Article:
* The right to active participation in academic affairs, including curriculum, admission, graduation, academic counseling, mentoring, and coaching peers and students in academic performances

* The right to publish personal opinions without expected retaliation by campus administrators in mass media

* The right to freedom of political beliefs, religious practices, personal cultural values beyond the scope of campus environment

* The right to publish faculty members' intellectual contributions without bias and prejudice in peer reviewed journals, textbooks, and referenced books

* The right to present research papers in peer-refereed academic conferences without campus administration preferences

* The right to the expression of institutional internal issues concerning the level of institutional academic services in mass media without possibility of retaliation by campus administrators

* The right to advocacy, negotiation, collective bargaining, and lobbying for promoting academic freedom and acquiring the status of tenure

* The right to file grievances against employers through independent and/or neutral arbitration and mandating implementation of the result of such processes by the campus presidents

* The right to professionally evaluate faculty members through active participation in the Retention, Promotion, Tenure, and Post-Tenure Committee processes

* The right of senior faculty members to be evaluated by external academic experts through post-tenure review processes for eliminating academic deficiencies of faculty members

* The right to due process in terms of any allegations

* The right to pursue peer evaluation and professional treatment

* The right to equitable academic ranking and opportunities

* The right to be informed about inserting any administrative decisions and information kept and to have access to personnel files including institutional personnel office, departmental, divisional, dean, provost, and president's office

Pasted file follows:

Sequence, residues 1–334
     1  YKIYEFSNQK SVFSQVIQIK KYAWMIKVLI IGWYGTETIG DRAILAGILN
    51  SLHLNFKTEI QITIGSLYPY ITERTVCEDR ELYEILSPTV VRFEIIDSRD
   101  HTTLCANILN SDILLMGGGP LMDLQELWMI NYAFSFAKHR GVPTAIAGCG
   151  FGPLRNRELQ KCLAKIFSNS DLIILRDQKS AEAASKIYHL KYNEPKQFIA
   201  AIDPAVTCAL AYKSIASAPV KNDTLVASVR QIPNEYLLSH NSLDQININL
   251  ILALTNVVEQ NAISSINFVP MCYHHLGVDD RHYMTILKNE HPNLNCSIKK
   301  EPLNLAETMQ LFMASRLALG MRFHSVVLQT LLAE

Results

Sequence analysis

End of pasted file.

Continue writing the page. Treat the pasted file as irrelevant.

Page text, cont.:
* The right to a multiculturalacy of holistic similar values against partisan groups and/or authoritative academic administrators

* The right to faculty development programs through career advancement and sabbatical leaves with pays every few years

It is clear that all rights establish some sorts of responsibility and accountability. Rights would be of little value as an ordering principle of human acts without duties. Let us investigate what is meant by duties in the moral, ethical, and legal senses. Responsibilities are viewed as notions of accomplishment and completeness. Oral and/or written entitlements to any type of rights for an individual establish specific bases for obligatory binding duties for that individual and others in order to put it in practice. When we speak of a duty, we mean an action that we are obligated to undertake or to refrain from regardless of whether we find it in our interest to do so or not. Responsibility is a constraint on the scope of permissible actions, but not all constraints are duties. Moral duties are distinct from legal duties, and the necessary conditions of each are distinct too. A necessary condition of the validity of duties is the validity of the procedure by which the moral duty imposing them is enacted to those duties. Duties, to begin with, applying directly only to actions.